Find Music for Projects: How Licenses Work and Free Resources

Dear Catholic new media producer,

Creative Commons is your friend. For the past month, I’ve been creating a 20-minute video about my employer’s ministry. One of the most important and daunting tasks involved was finding the music.

Whether you’re making videos or podcasts, ensure that you’re giving credit where it’s due and using music legally. Read about Creative Commons licenses but here’s the gist…

Artists allow you to use their songs according to certain criteria: 1.) Will the song be used commercially or noncommercially? 2.) Will the song be modified? 3.) Will the song be attributed to the artist in some capacity?

  • EASIEST TO FIND FREE: Are you using this song for a non-commercial ministry project AND able to credit the artist? You’ll easily find free, legally-available music. Look for an “Attribution” or “Attribution-Noncommercial” license.
  • FAIRLY EASY TO FIND FREE: Are you using this for a commercial project AND able to credit the artist? Look for an “Attribution” license.
  • HARDEST TO FIND FREE: Are you using this for a project BUT unable to credit the artist? You’ll be a bit more hard-pressed to find music. Search for a “Sans Attribution” license.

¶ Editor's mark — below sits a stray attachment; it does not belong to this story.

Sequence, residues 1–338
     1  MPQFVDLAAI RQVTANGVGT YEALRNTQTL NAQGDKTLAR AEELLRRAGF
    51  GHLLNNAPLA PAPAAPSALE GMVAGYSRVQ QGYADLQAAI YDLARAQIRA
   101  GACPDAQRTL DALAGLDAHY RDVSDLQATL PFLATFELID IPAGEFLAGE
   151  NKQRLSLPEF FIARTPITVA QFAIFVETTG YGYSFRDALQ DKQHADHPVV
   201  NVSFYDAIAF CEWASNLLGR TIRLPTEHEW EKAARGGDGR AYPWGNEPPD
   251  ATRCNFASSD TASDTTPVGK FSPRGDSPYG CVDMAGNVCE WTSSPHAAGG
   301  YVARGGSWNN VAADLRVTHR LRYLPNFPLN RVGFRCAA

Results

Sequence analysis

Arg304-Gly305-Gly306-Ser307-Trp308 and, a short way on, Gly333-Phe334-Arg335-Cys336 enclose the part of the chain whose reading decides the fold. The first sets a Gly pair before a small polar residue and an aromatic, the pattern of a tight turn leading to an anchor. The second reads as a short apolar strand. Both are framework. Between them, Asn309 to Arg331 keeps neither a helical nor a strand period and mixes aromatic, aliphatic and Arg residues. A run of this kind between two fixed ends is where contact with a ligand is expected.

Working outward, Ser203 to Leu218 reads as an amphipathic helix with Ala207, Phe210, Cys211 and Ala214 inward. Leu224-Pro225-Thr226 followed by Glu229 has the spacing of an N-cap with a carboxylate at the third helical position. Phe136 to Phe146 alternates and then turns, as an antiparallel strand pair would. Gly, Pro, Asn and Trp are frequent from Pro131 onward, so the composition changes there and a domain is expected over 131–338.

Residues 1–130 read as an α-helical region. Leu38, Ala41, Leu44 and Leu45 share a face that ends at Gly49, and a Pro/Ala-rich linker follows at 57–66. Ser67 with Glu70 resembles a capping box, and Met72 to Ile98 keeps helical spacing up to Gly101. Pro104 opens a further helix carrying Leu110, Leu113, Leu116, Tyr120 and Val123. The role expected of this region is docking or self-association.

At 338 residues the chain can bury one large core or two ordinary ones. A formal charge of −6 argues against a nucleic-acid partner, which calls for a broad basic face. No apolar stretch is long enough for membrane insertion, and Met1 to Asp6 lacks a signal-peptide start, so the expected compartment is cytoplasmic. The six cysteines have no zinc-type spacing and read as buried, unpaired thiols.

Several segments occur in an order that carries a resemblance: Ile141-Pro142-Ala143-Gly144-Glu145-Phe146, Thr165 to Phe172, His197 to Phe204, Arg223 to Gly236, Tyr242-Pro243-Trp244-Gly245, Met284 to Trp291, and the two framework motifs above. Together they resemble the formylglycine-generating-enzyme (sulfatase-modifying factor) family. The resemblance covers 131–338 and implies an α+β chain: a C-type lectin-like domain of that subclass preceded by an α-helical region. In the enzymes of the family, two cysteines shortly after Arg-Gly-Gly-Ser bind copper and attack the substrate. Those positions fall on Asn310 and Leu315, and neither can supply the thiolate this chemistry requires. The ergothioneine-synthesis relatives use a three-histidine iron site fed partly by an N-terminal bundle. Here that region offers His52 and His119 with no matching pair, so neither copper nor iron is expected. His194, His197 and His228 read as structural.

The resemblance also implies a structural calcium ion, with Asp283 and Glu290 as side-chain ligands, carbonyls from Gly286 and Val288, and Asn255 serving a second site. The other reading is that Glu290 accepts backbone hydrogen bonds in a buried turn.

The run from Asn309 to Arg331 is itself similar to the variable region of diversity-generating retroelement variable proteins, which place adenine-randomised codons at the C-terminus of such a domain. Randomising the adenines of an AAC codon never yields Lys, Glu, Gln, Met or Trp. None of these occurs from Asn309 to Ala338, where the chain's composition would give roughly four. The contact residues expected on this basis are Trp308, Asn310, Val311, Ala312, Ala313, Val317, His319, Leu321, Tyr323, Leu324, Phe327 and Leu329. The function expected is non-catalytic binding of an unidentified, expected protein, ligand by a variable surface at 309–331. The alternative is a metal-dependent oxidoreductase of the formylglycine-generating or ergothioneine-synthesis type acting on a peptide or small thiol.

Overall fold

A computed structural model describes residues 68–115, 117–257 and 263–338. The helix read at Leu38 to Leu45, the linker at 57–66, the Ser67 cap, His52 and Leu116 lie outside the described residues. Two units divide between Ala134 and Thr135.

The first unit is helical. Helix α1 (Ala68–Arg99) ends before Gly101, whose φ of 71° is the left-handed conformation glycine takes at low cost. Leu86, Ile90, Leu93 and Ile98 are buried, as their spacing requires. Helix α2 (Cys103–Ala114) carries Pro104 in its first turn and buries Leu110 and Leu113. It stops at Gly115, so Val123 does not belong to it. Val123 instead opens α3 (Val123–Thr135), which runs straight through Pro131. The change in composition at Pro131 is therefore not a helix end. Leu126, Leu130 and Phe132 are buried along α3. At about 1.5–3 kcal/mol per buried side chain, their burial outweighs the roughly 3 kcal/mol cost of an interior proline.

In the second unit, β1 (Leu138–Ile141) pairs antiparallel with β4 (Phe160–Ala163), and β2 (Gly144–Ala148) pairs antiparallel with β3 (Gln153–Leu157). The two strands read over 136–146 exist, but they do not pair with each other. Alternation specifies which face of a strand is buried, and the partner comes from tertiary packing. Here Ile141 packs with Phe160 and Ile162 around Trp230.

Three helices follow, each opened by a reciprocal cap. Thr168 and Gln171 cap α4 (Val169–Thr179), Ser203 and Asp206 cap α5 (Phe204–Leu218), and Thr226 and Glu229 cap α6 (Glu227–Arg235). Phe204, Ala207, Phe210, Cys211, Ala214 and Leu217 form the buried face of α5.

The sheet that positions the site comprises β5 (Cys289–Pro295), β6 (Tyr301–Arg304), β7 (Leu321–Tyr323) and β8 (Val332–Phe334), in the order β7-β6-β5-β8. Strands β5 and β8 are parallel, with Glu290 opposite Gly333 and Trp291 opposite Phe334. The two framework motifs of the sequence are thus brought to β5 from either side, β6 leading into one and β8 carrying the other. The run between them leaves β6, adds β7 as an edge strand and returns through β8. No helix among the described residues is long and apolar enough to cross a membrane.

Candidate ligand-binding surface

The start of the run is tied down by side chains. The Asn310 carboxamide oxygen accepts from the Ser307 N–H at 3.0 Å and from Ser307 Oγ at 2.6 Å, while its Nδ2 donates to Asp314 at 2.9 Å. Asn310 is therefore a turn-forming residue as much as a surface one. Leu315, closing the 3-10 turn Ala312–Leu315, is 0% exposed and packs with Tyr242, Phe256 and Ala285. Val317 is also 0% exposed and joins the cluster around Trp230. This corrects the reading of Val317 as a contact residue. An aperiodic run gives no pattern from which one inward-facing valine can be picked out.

• …ALSO CONSIDER… If you see a song marked with the phrase “NoDerivs,” you must use the song verbatim. If you’re looking to mix together a song with other sound effects, for instance, don’t use “NoDerivs”-licensed songs.

My Favorite Sources for FREE Music

1. Free Music Archive: Search this database according to your needs. They’ve got a great variety of genres, and they make finding music licensed according to your needs a piece o’ cake.

2. Incompetech: Kevin MacLeod is my hero. His music is available under a simple “Attribution” license, and you can also obtain a “Sans Attribution” license easily through his website. All genres.

3. Josh Woodward: Previously-highlighted here on the blog, but another hero. All albums available under “Attribution” license, including instrumental versions of all his songs. Mostly acoustic guitar.

4. Jason Shaw / Audionautix: Another great source of “Attribution”-licensed works. Several genres!

5. Public Domain 4U: Does your project lend itself to an old-school sound? Songs that have aged into the public domain have no legal restrictions. Obtain great oldies here.

6. Jamendo: All genres, languages and countries can be found, previewed, and downloaded at Jamendo. Artists tag their own music, so sometimes you’ll need to be creative in your search terms. Use their great Advanced Search to find music appropriately-licensed for your project.

7. Live Music Archive: Non-commercial use only! This music arm of Internet Archive (nice resource, by the way) allows users to upload live music recordings to be downloaded for non-commercial use. Browse the list of artists – ranging from obscure indie bands to artists with Top 40 fame. Not easily searchable.

Double-check individual song licenses before using. Happy creating!

Do you have any favorite resources to share?

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